Temperature and inoculation method influence disease phenotypes and mortality of Eucalyptus marginata clonal lines inoculated with Phytophthora cinnamomi
Hüberli, D., Tommerup, I.C., Calver, M.C., Colquhoun, I.J. and Hardy, G.E.St.J. (2002) Temperature and inoculation method influence disease phenotypes and mortality of Eucalyptus marginata clonal lines inoculated with Phytophthora cinnamomi. Australasian Plant Pathology, 31 (2). pp. 107-118.
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Survival of 1-year-old plants of three clonal lines of Eucalyptus marginata (jarrah), two ranked as resistant (RR1 and RR2) and one as susceptible (SS1) to Phytophthora cinnamomi, was assessed after pathogen inoculation with either mycelial mats underbark or zoospores on the stem. Plants were grown at 15, 20, 25 and 30°C. Method of inoculation did not produce comparable mortalities of the clonal lines, particularly at 25 and 30°C. At these temperatures, all three clonal lines had 100% mortality when inoculated underbark, but when inoculated with zoospores, RR1 had 60% survival and lines SS1 and RR2 had 100% mortality. Generally, the level of resistance of all clonal lines declined with increasing temperature. RR2 had consistently higher mortality than SS1, and is therefore not considered resistant. Lesion development was also measured in detached stems of RR1 and a susceptible clonal line (SS2) each inoculated underbark with four different P. cinnamomi isolates. Stems were assessed for lesion development at 20, 25 and 30°C for 4 days. For all four isolates, detached stems of RR1 generally had smaller lesions than those of SS2, particularly at 30°C. The increase in lesion length with increasing temperature was greatest for SS2. Detached stems may have potential in screening for jarrah resistant toP. cinnamomi and allow identification of susceptible clonal lines at 30°C.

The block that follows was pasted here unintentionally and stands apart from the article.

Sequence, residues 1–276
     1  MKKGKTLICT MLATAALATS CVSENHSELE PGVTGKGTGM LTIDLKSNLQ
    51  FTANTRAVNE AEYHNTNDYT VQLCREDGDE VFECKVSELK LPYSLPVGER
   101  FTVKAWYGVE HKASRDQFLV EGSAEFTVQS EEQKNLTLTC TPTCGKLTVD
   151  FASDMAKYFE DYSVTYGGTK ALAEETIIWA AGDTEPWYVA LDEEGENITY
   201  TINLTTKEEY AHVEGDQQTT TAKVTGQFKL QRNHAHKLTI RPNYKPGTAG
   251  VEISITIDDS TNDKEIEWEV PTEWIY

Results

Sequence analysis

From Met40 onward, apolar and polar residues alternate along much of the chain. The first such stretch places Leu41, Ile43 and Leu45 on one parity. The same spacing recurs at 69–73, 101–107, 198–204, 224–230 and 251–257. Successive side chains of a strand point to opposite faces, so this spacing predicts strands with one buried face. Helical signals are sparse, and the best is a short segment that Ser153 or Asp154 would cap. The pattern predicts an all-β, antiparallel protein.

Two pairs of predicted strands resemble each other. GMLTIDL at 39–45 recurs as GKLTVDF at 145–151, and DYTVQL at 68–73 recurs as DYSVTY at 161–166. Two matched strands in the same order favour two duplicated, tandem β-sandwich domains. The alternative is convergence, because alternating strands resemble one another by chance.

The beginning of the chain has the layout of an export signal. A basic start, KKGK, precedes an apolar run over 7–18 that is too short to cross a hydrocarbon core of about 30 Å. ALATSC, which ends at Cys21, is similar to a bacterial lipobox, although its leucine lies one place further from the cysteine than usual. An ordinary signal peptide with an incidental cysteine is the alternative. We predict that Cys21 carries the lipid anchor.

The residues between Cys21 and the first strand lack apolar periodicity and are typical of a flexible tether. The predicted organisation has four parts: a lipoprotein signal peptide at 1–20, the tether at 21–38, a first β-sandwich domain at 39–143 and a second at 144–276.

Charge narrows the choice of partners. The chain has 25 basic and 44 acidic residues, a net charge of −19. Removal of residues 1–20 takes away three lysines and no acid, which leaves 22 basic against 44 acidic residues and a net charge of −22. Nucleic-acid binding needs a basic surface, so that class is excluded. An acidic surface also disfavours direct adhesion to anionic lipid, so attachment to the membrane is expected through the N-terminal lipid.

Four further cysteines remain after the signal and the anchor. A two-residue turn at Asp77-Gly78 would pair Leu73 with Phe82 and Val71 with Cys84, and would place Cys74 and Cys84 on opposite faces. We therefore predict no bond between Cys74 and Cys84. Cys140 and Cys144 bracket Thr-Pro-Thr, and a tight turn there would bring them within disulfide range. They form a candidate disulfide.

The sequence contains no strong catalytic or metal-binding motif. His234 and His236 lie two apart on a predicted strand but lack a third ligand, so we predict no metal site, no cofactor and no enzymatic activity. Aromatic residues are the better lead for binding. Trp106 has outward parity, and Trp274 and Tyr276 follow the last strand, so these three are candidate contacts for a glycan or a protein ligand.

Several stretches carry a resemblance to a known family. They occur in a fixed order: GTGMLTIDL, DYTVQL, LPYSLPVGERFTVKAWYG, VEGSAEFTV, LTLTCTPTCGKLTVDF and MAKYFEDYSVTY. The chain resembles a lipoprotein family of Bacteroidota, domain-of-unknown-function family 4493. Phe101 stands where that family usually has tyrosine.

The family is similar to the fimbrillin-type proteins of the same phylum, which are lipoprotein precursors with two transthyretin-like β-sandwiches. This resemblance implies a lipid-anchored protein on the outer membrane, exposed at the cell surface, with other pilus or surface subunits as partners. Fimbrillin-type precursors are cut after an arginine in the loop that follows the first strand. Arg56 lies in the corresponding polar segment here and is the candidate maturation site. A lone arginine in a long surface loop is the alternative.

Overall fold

|Publication Type:||Journal Article|
|Murdoch Affiliation:||Centre for Phytophthora Science and Management|
School of Biological Sciences and Biotechnology
|Publisher:||Commonwealth Scientific and Industrial Research Organization Publishing|
|Copyright:||(c) Australasian Plant Pathology Society|
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